In principle seeing the other is easy. It’s looking at someone and seeing that someone is there, it’s noticing the other.
It can go beyond. When we use “seeing the other” in daily life it has a deeper meaning, one that is linked to helping the other to exist.
For the Zulu, this is an evidence. It is deeply ingrained in their culture. A person greeting another does this by saying “Sawubona” and will be greeted with “Shiboka” by the other. It is an exchange literally meaning “until you see me, I do not exist”.
In Avatar, the blockbuster movie, the greeting “I see you” gave existing its deeper meaning. It was saying “I see the love and your feelings and your soul and you mean everything to me”.
In teams, most would shy away from such an idea. And yet, sharing with team members that they exist and that they exist for one another is giving the gift of existence.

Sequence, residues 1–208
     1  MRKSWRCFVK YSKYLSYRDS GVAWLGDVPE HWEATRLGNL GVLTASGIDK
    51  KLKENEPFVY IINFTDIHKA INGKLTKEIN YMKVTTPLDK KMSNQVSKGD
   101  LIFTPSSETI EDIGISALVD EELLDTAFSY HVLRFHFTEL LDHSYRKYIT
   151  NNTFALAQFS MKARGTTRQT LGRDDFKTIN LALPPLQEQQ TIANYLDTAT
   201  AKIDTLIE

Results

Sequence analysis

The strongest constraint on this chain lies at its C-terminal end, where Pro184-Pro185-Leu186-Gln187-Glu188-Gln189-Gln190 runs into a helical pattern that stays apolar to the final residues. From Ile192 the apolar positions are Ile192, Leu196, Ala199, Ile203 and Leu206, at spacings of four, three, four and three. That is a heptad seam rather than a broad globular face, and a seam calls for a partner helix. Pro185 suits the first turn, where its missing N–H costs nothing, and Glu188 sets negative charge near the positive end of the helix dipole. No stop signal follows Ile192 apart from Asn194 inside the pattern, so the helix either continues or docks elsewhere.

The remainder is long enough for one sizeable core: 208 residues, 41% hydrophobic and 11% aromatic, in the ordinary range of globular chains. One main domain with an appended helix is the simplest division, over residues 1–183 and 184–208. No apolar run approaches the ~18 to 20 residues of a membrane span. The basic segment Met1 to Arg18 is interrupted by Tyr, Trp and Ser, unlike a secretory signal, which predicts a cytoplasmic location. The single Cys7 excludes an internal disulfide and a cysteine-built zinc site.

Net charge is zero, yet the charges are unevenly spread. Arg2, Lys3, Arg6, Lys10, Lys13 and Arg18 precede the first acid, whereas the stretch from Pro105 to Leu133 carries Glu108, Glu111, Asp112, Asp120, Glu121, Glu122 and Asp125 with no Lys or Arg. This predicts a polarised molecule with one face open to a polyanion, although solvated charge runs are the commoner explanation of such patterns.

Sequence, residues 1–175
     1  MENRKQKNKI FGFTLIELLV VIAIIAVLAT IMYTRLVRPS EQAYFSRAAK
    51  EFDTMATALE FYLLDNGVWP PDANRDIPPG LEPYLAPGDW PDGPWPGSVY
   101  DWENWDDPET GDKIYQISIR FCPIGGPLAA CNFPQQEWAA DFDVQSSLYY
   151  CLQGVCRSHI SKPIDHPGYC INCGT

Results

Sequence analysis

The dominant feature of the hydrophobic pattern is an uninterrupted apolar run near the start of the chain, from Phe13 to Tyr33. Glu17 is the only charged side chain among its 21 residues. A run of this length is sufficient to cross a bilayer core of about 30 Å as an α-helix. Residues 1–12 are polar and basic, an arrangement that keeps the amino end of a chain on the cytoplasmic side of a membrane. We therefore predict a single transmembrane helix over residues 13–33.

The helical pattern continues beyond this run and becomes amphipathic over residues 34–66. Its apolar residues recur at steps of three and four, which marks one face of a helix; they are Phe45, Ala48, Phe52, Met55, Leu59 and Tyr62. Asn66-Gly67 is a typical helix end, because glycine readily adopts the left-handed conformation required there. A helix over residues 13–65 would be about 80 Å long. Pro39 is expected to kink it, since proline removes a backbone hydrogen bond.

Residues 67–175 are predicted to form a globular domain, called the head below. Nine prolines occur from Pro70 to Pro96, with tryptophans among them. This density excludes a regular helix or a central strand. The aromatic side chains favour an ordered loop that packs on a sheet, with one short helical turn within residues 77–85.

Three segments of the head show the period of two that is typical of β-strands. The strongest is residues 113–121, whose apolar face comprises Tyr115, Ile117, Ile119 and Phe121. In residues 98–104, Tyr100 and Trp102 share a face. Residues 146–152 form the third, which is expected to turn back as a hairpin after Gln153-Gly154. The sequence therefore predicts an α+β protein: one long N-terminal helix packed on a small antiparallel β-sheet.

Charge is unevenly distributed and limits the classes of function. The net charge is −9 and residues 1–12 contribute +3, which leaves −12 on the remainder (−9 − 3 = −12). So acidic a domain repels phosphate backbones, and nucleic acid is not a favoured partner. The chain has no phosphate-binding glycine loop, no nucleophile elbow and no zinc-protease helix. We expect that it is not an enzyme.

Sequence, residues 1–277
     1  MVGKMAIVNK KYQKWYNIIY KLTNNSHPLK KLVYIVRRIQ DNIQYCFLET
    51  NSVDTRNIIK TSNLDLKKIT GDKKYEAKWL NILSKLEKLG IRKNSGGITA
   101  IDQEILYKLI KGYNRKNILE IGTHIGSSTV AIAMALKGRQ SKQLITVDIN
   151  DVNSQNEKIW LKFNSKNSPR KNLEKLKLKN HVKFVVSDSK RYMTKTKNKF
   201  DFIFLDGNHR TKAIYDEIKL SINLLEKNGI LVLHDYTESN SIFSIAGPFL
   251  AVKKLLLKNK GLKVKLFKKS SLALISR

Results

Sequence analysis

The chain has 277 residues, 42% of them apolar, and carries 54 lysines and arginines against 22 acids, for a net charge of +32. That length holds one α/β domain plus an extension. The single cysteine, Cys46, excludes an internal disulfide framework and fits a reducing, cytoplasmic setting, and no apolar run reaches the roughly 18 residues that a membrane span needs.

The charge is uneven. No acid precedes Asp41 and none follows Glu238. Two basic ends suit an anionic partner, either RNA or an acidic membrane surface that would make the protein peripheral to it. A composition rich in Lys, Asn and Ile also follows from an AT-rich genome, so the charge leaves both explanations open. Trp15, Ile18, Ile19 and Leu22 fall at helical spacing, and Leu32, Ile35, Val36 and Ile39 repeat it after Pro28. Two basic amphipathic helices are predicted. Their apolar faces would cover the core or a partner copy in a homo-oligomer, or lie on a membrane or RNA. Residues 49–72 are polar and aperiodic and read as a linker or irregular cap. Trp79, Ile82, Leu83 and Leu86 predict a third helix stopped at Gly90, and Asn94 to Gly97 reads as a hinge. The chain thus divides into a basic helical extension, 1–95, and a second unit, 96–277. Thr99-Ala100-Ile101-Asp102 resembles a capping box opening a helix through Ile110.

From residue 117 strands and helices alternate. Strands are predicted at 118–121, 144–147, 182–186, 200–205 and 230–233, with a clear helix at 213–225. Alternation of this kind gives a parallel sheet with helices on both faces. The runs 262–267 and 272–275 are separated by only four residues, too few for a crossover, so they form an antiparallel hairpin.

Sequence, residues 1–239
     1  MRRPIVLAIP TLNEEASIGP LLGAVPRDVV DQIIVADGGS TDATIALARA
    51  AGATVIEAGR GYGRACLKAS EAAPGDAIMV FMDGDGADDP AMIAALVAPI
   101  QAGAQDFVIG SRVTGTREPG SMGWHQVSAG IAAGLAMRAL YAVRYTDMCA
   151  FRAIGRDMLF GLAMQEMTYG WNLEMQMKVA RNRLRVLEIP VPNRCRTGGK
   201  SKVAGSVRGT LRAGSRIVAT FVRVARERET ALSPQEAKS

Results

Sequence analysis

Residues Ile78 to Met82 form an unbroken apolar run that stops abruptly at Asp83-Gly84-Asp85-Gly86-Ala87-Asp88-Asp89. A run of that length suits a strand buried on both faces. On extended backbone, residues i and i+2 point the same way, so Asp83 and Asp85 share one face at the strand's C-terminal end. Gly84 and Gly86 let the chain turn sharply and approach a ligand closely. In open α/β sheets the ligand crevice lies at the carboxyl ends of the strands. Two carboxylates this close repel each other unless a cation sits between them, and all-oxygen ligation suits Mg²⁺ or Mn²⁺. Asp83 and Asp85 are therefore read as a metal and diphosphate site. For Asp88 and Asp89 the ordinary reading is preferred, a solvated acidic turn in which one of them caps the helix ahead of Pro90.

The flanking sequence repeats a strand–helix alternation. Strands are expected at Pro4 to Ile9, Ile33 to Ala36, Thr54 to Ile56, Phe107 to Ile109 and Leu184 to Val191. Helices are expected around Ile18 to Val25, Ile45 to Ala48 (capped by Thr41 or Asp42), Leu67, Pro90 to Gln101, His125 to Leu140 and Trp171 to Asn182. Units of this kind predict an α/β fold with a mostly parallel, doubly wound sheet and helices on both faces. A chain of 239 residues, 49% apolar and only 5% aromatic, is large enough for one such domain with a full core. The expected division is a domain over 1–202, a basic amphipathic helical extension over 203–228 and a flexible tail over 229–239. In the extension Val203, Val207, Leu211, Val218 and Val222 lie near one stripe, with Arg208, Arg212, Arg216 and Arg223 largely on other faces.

It’s distinct from emotions like love or hate. It’s our realization as to who the other is and how she contributes. It’s sharing with the other the impact they have on us and how they exist for us.
That is how we establish relationships and contribute to one another and find ways to achieve the results we are seeking to achieve.
Seeing the other is present in our culture as it is a basic human need, or a hunger as Eric Berne named it. We see the other by sharing strokes, by recognizing the things our colleagues are doing well, by valuing their contributions, by appreciating their presence. And sometimes we do it by pointing an error they made, sharing our anger about something they did or describing our anxiety about their behavior. Giving a stroke doesn’t need to be verbal, it can be a look, a smile.
But often, people will stop there. It’s as if it would be sufficient to say “I see you” and leave it there.
To make it work, we’ve got to pay attention to the response. Has the stroke been received? Did it work? It’s when we receive a “Shiboka” that the other felt herself existing and shares that we’ve seen them.